How to Outline Quilt, Beginner Quilting Tutorial with Leah Day
We're moving right along with the Heart Medallion Checkerboard Quilt and it's time to outline quilt around the heart medallion designs. This stitching will secure the fabric in the center of each block and create a beautiful design on the front and back of the quilt. Learn how to tackle outline quilting in this new quilting tutorial:
Click Here to find the Heart Medallion fabrics used in this quilt!
In this video, I use Isacord Polyester thread to outline quilt around the Heart Medallion Designs. I use this thread because it's thin, strong, and doesn't break while free motion quilting.
This is a 40 weight thread designed for embroidery so you can quilt over it multiple times and it won't break. This is really important for free motion quilting any design because we want to be quilting, not tearing our hair out because the thread keeps breaking!
Is it okay to use polyester thread in your quilts?
Many quilters have been taught to use only 100% cotton fabric with cotton batting and cotton thread. This is a carry-over from hand quilting in the 1970's when cotton thread was really the best choice.
A lot has changed in the past 40 years and now you can find beautiful polyester, rayon, and silk threads that are wonderful to use on your quilts. The myth that other thread types are bad for your quilts is just that - a myth!
You can use any thread you want to use on your quilts, especially if it helps you quilt the designs and styles you want to quilt.
The fact is, if I hadn't switched to Isacord thread in 2009, I probably wouldn't have mastered free motion quilting. It was so frustrating to constantly break thread that I couldn't quilt designs like Paisley and Pebbling until I switched to Isacord.
Skill-Building Outline Quilting
When it comes to outline quilting, the key is slow steady stitching. This will be a terrific skill-builder for free motion quilting as you learn how to balance the speed of your hands moving the quilt with the speed of the needle moving up and down.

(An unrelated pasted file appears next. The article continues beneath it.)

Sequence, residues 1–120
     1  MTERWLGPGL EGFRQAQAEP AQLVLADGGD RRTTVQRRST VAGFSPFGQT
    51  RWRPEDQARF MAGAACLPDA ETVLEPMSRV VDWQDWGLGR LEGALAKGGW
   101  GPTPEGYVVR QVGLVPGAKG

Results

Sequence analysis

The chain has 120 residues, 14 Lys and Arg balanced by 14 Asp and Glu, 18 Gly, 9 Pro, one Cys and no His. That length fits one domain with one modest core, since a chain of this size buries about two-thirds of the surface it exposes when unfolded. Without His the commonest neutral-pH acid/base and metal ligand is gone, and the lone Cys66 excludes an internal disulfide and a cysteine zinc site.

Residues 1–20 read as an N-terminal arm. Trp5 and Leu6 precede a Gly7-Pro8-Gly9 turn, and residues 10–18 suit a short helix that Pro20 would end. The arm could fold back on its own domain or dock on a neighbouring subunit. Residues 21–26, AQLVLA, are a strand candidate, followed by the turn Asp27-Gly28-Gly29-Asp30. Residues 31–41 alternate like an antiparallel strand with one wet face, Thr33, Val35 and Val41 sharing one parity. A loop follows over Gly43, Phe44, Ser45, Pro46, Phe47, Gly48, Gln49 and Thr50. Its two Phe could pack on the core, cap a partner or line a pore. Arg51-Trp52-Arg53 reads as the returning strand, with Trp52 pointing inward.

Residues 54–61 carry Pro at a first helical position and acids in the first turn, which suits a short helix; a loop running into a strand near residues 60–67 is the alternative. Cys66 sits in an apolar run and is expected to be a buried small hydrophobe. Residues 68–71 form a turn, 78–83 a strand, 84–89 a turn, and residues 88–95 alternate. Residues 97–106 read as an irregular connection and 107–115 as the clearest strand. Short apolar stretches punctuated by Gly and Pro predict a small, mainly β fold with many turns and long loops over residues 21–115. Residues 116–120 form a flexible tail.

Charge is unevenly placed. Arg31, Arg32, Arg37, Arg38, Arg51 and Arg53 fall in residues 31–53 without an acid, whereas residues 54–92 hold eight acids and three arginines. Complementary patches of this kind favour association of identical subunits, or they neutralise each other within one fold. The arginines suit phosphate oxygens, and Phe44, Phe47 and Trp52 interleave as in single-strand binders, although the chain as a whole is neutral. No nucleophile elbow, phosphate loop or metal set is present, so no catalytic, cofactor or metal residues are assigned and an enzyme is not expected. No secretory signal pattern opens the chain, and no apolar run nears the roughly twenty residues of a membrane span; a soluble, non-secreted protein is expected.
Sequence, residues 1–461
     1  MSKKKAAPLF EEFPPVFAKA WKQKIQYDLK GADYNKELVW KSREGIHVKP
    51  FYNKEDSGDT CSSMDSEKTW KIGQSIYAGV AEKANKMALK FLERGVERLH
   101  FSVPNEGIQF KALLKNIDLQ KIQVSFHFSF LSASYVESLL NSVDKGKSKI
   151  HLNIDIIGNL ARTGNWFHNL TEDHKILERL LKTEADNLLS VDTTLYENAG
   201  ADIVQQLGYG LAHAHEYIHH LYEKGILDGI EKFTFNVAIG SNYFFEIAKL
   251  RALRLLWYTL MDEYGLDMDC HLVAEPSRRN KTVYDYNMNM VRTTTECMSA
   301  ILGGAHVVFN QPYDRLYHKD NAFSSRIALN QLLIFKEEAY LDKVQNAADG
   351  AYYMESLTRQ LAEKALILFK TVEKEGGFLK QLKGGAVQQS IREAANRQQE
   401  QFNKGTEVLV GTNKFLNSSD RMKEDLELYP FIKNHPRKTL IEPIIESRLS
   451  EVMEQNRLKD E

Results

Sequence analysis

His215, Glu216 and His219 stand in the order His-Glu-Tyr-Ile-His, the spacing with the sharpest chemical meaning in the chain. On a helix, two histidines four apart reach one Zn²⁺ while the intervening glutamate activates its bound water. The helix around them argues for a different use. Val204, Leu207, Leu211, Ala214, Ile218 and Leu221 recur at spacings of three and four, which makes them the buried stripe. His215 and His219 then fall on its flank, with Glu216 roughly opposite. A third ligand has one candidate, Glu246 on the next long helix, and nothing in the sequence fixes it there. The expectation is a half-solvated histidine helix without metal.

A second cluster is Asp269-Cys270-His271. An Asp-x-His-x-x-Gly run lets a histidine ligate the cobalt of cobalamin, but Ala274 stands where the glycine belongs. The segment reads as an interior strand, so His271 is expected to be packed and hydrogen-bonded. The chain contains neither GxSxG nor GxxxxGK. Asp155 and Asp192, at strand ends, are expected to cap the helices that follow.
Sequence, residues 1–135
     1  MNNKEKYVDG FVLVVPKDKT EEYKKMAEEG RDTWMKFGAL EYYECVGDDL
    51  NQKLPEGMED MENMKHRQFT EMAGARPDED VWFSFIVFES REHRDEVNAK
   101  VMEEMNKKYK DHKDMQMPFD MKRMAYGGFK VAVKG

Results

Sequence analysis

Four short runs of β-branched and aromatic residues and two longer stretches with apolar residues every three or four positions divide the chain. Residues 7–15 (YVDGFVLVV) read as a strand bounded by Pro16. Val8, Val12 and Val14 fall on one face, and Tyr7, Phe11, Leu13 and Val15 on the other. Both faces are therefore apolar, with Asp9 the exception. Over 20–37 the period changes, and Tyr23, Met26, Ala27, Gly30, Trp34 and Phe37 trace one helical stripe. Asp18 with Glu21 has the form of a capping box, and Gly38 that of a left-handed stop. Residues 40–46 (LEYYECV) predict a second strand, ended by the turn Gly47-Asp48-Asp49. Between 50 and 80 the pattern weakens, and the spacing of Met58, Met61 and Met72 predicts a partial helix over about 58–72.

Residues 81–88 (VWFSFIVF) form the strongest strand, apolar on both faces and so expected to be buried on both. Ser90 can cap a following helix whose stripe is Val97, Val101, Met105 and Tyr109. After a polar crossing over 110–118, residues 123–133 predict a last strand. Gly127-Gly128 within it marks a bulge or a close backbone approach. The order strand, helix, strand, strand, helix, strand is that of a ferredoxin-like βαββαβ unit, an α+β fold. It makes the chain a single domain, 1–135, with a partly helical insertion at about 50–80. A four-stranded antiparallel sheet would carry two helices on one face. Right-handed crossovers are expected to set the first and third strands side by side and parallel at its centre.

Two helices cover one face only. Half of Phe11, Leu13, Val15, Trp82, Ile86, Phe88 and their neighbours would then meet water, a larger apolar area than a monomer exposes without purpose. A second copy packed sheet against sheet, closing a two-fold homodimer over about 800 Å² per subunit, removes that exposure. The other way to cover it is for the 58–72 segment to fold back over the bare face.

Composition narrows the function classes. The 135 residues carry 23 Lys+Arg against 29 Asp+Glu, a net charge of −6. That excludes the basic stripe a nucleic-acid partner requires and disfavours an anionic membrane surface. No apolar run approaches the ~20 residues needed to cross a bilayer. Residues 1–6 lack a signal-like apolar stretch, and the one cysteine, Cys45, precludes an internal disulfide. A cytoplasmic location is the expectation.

Are you struggling to make consistent stitches? Don't worry! It's normal to struggle with your stitch length in the beginning because you're used to the machine doing this work for you. When free motion quilting, we don't use the feed dogs on the machine.
This means that the stitch length is entirely up to you and it's a constant balancing ratio between the speed of your hands moving and the speed of the machine.
Instead of focusing on every single stitch, focus instead on moving the quilt smoothly under the needle and staying on the outline of the heart medallion design. Just following the line smoothly and shifting the quilt steadily under the needle is a big job. Don't worry about the occasional huge or tiny stitch that happens as you move the quilt.
One tool that's essential for free motion quilting with control is quilting gloves. Click Here to find the quilting gloves I wear every day because they're lightweight, let my hands breathe, and help me grip the quilt and move it smoothly over the machine.
If free motion quilting feels too challenging to master, please remember there are other types of machine quilting you can do on your home machine. One type of machine quilting is Walking Foot Quilting which is much easier because it uses the feed dogs on your machine to feed the quilt forward.
You'll learn more about walking foot quilting in the next tutorial:
2. Outline Quilting
Click Here to learn how to make the Heart Medallion Checkerboard Quilt.
If you enjoyed this series, consider taking a quilting class with me! We have created many online quilting workshops to guide you through all the steps to creating beautiful quilts. You will love taking a quilt workshop because you get to see each step of the quilting process with great instructions!
Click Here to check out our online quilting workshop.